Monday, 18 February 2008

Answering Roman Catholicism

Up at Men's Katoomba Christian Convention (MKC) we had a very fine session from Baptist speaker Anthony Petterson, who lectures at Morling College (the local Baptist theological college here in Sydney). It was on answering Roman Catholicism, and pointed out how within Roman Catholicism, the basic vocabulary of salvation is distorted. Grace means not so much God's generosity, for example, as a sort of metaphysical infusion of a substance that allows you to choose to do good works. (Anthony used the parallel of a blood transfusion enabling you to get up and get on with life, and it made a lot of sense as an explanation of the Roman Catholic perspective).

As such, even though the claim within Roman Catholicism is that we are saved by grace, in reality this means something quite different from the Bible's teaching that we are rescued by God without any input from ourselves.

For the average Roman Catholic believer, this means that assurance of salvation is impossible and indeed, forbidden by the teaching of the church. Assurance, for Roman Catholics, is the sin of 'presumption'. For how could one be assured of being right with God if good works are necessary to our right-standing with God, as Catholicism teaches? But on the Roman Catholic view, not only is assurance ruled out, but the very idea of salvation is placed under threat, for our good works can never be good enough to gain our entry into heaven.

Roman Catholic doctrine thus undercuts Christ's work on the cross, as his work in dying for sin is no guarantee whatsoever that God will declare us 'not guilty' on the final terrible day of judgement.

Along the way Anthony pointed out that the Roman Catholic church does not believe that non-Roman Catholic churches can lay claim to the title of being genuine Christian churches, and used the current Pope's words to demonstrate that this traditional view hasn't changed at all in recent times:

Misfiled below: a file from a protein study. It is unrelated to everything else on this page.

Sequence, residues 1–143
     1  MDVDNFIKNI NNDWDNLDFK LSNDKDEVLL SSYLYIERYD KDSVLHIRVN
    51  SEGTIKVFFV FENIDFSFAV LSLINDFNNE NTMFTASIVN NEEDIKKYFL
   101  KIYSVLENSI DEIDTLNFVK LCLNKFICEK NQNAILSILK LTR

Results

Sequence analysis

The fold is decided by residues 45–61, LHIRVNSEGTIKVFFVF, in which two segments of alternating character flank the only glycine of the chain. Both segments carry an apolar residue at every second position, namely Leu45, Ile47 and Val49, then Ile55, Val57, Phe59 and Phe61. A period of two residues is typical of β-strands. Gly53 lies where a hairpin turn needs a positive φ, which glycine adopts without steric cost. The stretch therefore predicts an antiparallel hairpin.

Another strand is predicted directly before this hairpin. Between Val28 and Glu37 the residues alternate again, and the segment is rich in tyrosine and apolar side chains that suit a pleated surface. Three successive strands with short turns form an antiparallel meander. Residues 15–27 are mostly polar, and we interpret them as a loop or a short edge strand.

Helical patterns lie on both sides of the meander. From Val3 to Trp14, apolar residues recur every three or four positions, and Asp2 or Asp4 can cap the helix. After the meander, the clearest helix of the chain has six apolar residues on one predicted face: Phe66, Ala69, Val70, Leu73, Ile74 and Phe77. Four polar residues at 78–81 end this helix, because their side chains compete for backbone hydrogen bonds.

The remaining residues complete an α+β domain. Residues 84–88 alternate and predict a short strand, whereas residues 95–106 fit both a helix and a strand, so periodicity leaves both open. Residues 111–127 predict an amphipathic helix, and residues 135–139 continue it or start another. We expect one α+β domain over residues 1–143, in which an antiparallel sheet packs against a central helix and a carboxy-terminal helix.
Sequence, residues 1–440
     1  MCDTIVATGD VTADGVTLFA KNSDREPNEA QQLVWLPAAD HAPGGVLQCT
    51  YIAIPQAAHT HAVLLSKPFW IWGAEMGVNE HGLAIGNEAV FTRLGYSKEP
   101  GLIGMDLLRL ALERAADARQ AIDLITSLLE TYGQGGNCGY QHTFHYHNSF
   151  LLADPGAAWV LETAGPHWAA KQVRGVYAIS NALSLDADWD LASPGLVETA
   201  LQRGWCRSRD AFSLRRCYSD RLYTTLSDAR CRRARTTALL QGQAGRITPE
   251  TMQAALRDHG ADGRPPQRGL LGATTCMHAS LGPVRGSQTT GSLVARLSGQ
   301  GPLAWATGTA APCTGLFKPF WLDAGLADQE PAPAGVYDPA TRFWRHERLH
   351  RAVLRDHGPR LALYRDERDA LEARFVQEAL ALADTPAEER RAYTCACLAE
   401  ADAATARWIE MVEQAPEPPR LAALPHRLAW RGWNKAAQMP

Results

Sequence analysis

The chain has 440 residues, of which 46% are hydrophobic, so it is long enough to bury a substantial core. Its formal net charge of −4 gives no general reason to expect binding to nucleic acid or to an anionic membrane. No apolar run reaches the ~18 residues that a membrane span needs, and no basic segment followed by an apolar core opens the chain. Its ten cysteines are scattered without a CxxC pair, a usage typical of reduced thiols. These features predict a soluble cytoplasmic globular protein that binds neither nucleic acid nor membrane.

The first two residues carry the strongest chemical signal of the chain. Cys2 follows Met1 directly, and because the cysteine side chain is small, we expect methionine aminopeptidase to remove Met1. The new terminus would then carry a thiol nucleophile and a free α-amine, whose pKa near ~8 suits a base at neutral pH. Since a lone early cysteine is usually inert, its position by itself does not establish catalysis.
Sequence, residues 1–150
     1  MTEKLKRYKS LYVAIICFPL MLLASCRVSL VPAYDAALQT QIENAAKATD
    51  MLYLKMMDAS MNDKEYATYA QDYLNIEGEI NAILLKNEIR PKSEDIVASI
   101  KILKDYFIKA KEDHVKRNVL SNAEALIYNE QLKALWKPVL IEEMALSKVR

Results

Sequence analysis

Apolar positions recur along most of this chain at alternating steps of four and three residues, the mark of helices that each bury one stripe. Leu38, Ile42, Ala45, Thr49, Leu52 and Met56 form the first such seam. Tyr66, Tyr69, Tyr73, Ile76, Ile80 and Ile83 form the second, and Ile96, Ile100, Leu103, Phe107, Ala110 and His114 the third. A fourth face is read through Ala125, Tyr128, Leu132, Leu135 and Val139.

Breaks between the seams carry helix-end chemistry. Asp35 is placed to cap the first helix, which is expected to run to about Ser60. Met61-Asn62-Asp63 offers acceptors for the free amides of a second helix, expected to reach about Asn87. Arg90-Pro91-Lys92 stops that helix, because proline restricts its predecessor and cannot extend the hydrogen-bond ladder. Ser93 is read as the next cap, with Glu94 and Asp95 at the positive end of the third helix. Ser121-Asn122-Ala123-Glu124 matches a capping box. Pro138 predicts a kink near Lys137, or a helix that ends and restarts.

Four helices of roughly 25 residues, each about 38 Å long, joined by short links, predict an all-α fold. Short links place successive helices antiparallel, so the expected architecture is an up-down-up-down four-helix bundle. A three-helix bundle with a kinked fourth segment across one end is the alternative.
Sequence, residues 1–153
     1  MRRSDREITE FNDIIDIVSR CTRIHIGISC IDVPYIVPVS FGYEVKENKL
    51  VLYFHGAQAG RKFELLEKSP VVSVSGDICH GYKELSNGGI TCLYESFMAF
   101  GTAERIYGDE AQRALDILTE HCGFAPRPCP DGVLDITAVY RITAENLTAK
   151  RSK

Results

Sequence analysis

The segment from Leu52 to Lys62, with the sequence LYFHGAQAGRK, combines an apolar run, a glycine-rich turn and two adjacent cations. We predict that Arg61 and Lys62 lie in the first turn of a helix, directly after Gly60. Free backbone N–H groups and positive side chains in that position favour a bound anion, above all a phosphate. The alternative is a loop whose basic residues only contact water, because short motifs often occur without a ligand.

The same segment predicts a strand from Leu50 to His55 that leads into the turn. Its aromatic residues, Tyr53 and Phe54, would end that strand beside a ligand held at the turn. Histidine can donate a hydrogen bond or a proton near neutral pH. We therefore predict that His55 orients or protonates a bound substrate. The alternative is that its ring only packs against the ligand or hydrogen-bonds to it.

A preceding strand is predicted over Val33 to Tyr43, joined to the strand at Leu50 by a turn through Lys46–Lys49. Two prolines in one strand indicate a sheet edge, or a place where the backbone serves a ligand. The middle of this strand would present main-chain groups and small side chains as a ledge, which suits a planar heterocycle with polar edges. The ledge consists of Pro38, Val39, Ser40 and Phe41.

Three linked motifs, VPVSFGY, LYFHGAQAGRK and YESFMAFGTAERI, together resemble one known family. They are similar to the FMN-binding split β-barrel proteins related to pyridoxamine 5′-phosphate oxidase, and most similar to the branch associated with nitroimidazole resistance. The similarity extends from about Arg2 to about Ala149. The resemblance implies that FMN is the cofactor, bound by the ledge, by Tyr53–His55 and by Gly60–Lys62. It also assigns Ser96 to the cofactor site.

Christian Communities born out of the Reformation of the sixteenth century... do not enjoy apostolic succession in the sacrament of Orders, and are, therefore, deprived of a constitutive element of the Church. These ecclesial Communities which, specifically because of the absence of the sacramental priesthood, have not preserved the genuine and integral substance of the Eucharistic Mystery cannot, according to Catholic doctrine, be called "Churches" in the proper sense."

Find the quote in context here.

Anthony Petterson thought that the current Pope was doing something useful for all Christians by clarifying the difference between Protestant and Catholic beliefs. He certainly is! We mustn't pretend that in essence, all the so-called Christian churches are on about the same thing.

Anthony also gave a good plug for Ray Galea's latest book on the subject, Nothing in my hand I bring. Well worth a read, and before World Catholic Youth Day hits town.

4 comments:

adam said...

I thought the video from Ireland on salvation/assurance was striking and confronting

Craig Bennett said...

I agree with you Gordon on this. It is rather unfortunate though that there are some RC church goers who do believe the Gospel and are trapped in the Church...I even know of some RC priests who hold to the evangelical message and stay in the church to preach the gospel to those who listen...

On another note, my wife who was baptised in the RC church as an infant is being baptised at church next week, wanting to make a believers profession of faith...I think it is a great step forward because it has been a long and hard slog for her to get rid of the RC baggage...

Anonymous said...

But equally there are many (I presume including evangelicals:)) to whom Jesus will one day say "I never knew you" and that, coupled with "..faith, if it is not accompanied by action, is dead", indicating to me that however correct the doctrine is, its basically pretty easy to say "yes, I agree" but a different matter when it comes to faithful obedience. This is in evidence in abundance in our evangelical churches where grace seems to be cheap and cheapened.

Cathy

Craig Bennett said...

Yet Cathy,

The truth behind Jesus saying I never knew you is because the person who came to him saying I cast demons out in your name, prophesied in your name, I did this and that in your name...never said, Jesus you did it all for me.

They did it in his name only, not from having personal relationship with him. I would also add that the works James refers to is the work / fruit of the Holy Spirit...love, joy, peace, ...